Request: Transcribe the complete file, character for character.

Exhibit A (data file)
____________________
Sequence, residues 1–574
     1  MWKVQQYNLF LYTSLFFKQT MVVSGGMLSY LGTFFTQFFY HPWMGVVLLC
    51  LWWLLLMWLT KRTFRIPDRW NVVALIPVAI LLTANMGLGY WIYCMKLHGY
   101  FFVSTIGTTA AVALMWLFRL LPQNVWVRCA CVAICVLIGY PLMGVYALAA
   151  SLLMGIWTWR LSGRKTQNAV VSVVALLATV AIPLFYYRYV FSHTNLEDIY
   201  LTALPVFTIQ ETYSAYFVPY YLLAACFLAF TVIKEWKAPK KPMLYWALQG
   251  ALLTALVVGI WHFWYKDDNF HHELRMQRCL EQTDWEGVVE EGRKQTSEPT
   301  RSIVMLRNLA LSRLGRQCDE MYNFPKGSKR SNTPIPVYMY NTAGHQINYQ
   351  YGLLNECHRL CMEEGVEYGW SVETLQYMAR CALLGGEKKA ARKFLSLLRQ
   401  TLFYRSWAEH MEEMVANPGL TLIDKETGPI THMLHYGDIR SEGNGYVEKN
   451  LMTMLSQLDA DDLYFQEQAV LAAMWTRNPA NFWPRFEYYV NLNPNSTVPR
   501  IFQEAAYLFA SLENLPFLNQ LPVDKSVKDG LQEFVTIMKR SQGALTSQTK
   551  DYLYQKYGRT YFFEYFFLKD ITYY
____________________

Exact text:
Sequence, residues 1–574
     1  MWKVQQYNLF LYTSLFFKQT MVVSGGMLSY LGTFFTQFFY HPWMGVVLLC
    51  LWWLLLMWLT KRTFRIPDRW NVVALIPVAI LLTANMGLGY WIYCMKLHGY
   101  FFVSTIGTTA AVALMWLFRL LPQNVWVRCA CVAICVLIGY PLMGVYALAA
   151  SLLMGIWTWR LSGRKTQNAV VSVVALLATV AIPLFYYRYV FSHTNLEDIY
   201  LTALPVFTIQ ETYSAYFVPY YLLAACFLAF TVIKEWKAPK KPMLYWALQG
   251  ALLTALVVGI WHFWYKDDNF HHELRMQRCL EQTDWEGVVE EGRKQTSEPT
   301  RSIVMLRNLA LSRLGRQCDE MYNFPKGSKR SNTPIPVYMY NTAGHQINYQ
   351  YGLLNECHRL CMEEGVEYGW SVETLQYMAR CALLGGEKKA ARKFLSLLRQ
   401  TLFYRSWAEH MEEMVANPGL TLIDKETGPI THMLHYGDIR SEGNGYVEKN
   451  LMTMLSQLDA DDLYFQEQAV LAAMWTRNPA NFWPRFEYYV NLNPNSTVPR
   501  IFQEAAYLFA SLENLPFLNQ LPVDKSVKDG LQEFVTIMKR SQGALTSQTK
   551  DYLYQKYGRT YFFEYFFLKD ITYY